Jobs for Shamans

Jobs for Shamans

In writing Incensed, part of my inspiration was how much humor can be mined in the arena of personal transformation, which I actually do take (somewhat) seriously. Just to prove that you don’t have to make this stuff up, I recently received, from a person I’ll call “Norma”, the following email:

Subject: Are you a shaman?
Hey there,
I’m reaching out to you because (our website) is getting a lot of job leads for shamans, and I’m looking for another shaman who is interested in taking on more clients.

After checking out your website I think you are a great fit for (our website) and I’d love to start sending you job leads. Please fill out a few details about your skills and rates, and I’ll start forwarding you potential new clients.

If you have any questions about what (our website) can provide, please don’t hesitate to ask.
Thanks,
Norma

Now I think this is very interesting. Norma apparently did not even know my name (“Hey there”), and yet somehow was aware that I was, or might be a shaman. (A false assumption, as you will see below, yet intriguing.) Why would she presume so? Is Norma herself a shaman, with special shaman-recognizing powers? Could she have come across my email address in an shamanic directory somewhere, perhaps the Underworld? By “another shaman,” does she mean in addition to herself, because she has so many shaman assignments she can’t keep up with them all? Or perhaps she is more of an agent, matching shamans with those in need of one, for a percentage or a small fee.

Another fascinating point: Jobs for shamans? Really? In fact, this subject comes up in INCENSED, when Michaela returns home after having a profound inner experience (her first):

“She didn’t understand what she had gone through today at Rennie’s, but it felt significant. Rennie said her experience had elements of shamanism, which he explained as a kind of healing in native societies. Maybe she was supposed to be a shaman. Perhaps she was meant to go find a tribe somewhere that needed one, and offer her services. She wondered if they posted on Craigslist.

She didn’t know much about native tribes, but thought there were probably still some around, deep in rural Mexico, or the Amazon. But she hated being hot and sticky, and her Spanish wasn’t exactly mucho bueno. That’s if they even spoke Spanish. Some difficult, rare language, more likely, with sounds she wouldn’t be able to pronounce.

No, it would have to be American Indians. Northwest and Southwest tribes didn’t appeal to her because she felt their design elements had been overused. But there were some small, less famous tribes right here in California, judging by all the casinos. That was even better – close to civilization, in case she needed to shop for clothes or get a good meal. And if a casino tribe needed a new shaman, they could probably afford to pay her better.”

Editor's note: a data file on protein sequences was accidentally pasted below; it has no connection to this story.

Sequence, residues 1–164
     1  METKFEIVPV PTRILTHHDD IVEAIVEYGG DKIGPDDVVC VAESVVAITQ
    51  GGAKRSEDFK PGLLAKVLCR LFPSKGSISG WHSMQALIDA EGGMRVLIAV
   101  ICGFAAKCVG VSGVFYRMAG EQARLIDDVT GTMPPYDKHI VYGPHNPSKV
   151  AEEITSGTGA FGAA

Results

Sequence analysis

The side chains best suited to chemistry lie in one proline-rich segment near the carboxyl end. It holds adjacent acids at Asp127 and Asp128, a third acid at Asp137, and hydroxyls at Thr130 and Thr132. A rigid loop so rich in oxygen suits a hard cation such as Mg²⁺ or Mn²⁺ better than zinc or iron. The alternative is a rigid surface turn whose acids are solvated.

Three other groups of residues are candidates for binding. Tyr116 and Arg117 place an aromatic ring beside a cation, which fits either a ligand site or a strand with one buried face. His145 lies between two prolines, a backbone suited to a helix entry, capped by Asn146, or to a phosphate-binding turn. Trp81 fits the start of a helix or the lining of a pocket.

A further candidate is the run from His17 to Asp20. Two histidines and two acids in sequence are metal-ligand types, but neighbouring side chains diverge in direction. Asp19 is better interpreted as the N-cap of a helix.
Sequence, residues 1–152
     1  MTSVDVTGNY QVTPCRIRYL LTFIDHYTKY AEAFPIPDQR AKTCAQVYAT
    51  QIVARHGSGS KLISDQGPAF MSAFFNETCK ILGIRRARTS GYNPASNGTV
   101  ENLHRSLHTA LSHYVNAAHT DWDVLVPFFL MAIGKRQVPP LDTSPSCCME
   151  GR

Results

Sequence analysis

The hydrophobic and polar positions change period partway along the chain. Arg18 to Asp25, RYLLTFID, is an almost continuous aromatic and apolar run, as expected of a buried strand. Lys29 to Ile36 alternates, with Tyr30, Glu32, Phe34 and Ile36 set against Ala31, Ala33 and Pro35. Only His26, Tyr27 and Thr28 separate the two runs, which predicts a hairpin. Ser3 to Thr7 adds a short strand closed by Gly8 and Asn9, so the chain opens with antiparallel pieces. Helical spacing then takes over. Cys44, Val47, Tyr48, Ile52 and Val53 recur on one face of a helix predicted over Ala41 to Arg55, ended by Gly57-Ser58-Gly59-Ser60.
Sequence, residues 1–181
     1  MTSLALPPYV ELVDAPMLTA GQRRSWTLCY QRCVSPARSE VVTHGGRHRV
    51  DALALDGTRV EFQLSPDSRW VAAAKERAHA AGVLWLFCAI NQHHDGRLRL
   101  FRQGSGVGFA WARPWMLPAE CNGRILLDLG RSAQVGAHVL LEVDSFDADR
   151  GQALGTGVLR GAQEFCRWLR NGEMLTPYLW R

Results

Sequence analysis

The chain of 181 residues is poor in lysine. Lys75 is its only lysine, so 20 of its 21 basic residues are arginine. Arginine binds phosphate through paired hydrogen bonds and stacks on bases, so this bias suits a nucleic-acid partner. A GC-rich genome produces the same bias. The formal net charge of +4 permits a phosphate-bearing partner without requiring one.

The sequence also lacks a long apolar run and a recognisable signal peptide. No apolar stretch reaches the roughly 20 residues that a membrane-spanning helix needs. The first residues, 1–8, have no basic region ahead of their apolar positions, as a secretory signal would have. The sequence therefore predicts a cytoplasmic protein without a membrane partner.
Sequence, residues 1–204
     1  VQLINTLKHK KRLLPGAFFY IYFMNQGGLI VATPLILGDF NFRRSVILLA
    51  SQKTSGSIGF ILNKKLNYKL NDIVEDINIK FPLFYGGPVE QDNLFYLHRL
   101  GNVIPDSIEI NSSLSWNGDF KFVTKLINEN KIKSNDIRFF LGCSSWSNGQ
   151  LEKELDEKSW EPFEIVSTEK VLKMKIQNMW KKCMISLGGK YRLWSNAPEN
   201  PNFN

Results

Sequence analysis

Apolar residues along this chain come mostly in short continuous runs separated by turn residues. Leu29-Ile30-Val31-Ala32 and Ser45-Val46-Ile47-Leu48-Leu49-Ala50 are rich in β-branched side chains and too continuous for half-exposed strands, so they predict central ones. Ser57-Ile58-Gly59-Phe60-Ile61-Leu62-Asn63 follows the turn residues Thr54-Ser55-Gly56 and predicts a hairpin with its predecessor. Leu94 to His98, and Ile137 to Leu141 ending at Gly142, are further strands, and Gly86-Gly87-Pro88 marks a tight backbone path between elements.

Not to toot my own horn (which, I should add, is not a magical giant Javanese snake horn, sold online for $368.72 USD, Excellent for Magickal Protection and Development, according to the website), but I did not even realize when I wrote the scene that “Jobs for shamans” was a real possibility!  Perhaps Norma is right, and I have more shamanic capabilities than I realized. Maybe I should consider her offer. I mean, if it worked out, I could write my next book and still take on a few of Norma’s “potential new clients.”

So I decided to respond:

Dear Norma,

This is the second email you’ve sent me.  I am surprised to hear there are job leads for shamans.  Is that true?  I have never said I was a shaman, but I know someone who might have those qualifications.  However it is not a job that one generally advertises for, so I’m very curious.

Warmly,
Cary

Unfortunately, Norma did not write back. Instead, I received a reply from “Louis,” presumably Norma replacement (or perhaps Norma herself was just out performing a ritual):

Hi Cary,

Thanks for the email, and sorry about the confusion! We spend a large portion of our day hunting around online and offline for good, trustworthy service providers. We get leads from personal websites, customer recommendations, and job boards, so we may have mixed you up with someone else.

However, we do have Shamans available on our site, and they have been providing there (sic) services when needed 🙂 You can try searching for them here: (our website)  “I’m looking for” [Shaman] + “Near me” [Location]

Thanks!
~ Louis, Customer Advocate

He also told me how to post my services, should I so wish.

I have to admire Louis, who is very polite, a trait perhaps more attributable to shamans than agents, although I’m sure it varies by individual. However I decided not to take Louis’s advice, and so I have not posted on their website. I just don’t feel ready. But if I should find I need a shaman, or maybe a job, it’s good to know Louis, and maybe even Norma, are available to help.

About Cary

Author of Incensed: The Novel; co-director of Grof Transpersonal Training. A fan of equestrian sports; dance; music; and pop culture.
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